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CT is not necessary in most patients who present with a clinical picture and supporting laboratory evidence of Graves' disease. It is, however, indicated when optic neuropathy is suspected, before orbital decompression, to examine the anatomic relationship of the orbit to both the sinus cavities and the cribriform plate, in patients with atypical proptosis or motility disturbances; or instead of ultrasonography to detect early thyroid orbitopathy in patients with equivocal results of laboratory tests. Like ultrasonography, CT allows reliable identification of even minimal enlargement of the recti muscles.40 Of those patients with clinical unilateral thyroid orbitopathy, CT will detect subclinical enlargement of the extraocular muscles on the contralateral side in 50%.75

The most characteristic CT finding in thyroid orbitopathy is enlargement of the extraocular muscles, which is usually bilateral and symmetric and has a fusiform configuration, with sharply defined borders and sparing of the tendinous insertions. Atypical cases with tendon involvement and blurred muscle margins have been described.75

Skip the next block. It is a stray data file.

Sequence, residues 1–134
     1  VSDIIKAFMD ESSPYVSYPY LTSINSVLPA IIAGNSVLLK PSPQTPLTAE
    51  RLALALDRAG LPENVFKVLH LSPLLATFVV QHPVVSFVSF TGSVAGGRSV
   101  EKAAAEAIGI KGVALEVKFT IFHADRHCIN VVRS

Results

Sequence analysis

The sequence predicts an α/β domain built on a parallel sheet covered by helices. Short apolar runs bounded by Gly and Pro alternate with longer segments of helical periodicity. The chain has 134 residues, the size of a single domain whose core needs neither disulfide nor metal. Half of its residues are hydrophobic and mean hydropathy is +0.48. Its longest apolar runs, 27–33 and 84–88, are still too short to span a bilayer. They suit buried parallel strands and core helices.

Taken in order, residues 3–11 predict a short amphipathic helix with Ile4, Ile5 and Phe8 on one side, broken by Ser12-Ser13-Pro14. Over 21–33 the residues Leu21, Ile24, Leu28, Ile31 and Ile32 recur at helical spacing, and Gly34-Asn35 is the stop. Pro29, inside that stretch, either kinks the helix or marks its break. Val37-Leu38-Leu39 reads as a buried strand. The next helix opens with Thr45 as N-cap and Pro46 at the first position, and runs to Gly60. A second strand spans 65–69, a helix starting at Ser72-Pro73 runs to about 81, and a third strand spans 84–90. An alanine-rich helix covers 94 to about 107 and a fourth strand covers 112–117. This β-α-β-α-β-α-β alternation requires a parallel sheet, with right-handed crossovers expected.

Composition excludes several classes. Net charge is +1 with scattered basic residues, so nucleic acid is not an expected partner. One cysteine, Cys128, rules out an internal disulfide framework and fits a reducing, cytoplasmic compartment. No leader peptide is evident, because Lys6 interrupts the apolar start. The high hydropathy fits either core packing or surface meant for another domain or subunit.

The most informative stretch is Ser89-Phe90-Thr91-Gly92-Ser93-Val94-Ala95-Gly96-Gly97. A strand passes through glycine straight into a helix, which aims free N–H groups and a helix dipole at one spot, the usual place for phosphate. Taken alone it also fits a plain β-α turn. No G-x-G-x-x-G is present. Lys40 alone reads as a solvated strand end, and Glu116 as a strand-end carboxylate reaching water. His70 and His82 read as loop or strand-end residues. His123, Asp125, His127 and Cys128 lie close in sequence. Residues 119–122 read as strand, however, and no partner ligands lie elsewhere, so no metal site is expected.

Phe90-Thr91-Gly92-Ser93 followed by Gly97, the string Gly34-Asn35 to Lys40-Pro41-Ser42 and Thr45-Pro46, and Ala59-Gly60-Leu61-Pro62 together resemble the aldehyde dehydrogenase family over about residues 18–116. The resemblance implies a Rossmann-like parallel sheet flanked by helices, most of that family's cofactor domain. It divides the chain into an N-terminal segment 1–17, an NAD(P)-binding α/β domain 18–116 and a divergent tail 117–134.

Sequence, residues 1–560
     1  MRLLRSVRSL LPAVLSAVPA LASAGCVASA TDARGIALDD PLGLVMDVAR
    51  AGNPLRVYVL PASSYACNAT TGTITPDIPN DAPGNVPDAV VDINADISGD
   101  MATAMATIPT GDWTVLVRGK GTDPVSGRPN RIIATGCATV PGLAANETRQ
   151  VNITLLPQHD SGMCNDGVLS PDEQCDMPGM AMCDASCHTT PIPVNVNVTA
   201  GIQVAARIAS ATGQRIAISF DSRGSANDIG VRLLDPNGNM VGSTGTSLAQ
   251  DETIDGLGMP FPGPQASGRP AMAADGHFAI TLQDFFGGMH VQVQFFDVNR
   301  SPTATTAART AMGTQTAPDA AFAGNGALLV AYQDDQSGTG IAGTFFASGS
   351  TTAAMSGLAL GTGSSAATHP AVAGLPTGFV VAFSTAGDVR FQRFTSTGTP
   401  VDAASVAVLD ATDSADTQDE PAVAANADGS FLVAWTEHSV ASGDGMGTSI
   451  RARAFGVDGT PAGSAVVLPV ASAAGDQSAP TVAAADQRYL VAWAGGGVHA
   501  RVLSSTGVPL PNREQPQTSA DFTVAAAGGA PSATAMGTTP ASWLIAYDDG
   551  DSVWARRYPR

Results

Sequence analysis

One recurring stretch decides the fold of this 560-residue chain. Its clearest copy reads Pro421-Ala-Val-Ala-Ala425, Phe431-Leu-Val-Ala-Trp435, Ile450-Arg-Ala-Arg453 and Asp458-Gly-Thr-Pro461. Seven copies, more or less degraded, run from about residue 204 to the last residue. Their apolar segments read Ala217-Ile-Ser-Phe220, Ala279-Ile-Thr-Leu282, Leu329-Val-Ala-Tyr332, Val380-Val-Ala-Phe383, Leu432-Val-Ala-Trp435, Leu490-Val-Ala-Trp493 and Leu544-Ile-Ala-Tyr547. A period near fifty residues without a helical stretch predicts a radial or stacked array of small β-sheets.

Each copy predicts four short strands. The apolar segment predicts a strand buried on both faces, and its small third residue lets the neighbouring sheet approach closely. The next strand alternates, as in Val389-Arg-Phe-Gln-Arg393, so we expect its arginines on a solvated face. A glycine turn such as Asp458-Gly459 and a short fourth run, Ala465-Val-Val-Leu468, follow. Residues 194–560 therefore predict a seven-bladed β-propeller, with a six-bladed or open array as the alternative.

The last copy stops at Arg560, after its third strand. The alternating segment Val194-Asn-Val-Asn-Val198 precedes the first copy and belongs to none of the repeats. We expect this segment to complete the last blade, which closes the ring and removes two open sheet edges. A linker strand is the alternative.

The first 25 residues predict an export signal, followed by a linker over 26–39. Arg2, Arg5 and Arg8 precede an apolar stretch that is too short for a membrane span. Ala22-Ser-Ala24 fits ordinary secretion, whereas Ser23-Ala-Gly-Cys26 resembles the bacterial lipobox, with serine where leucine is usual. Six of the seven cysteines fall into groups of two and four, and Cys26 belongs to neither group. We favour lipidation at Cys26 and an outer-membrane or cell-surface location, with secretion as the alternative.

The pattern of muscle enlargement on CT parallels that seen clinically. The inferior rectus is the most commonly involved, followed by the medial rectus, superior rectus, and lateral rectus. Other findings include proptosis and anterior prolapse of the orbital septum due to excessive orbital fat and muscle swelling (see Fig. 4).76 Also, lacrimal gland enlargement and bone remodeling without erosion can occur.75 Patients at risk for developing optic neuropathy may also have severe apical crowding, a dilated superior ophthalmic vein, and anterior displacement of the lacrimal gland.68 Of these, apical crowding is the most sensitive indicator for the presence of optic neuropathy (Fig. 5A).56 Both axial and coronal CT cuts should be obtained; the coronal plane is needed to assess the enlargement of the extraocular muscles at the apex (see Fig. 5B).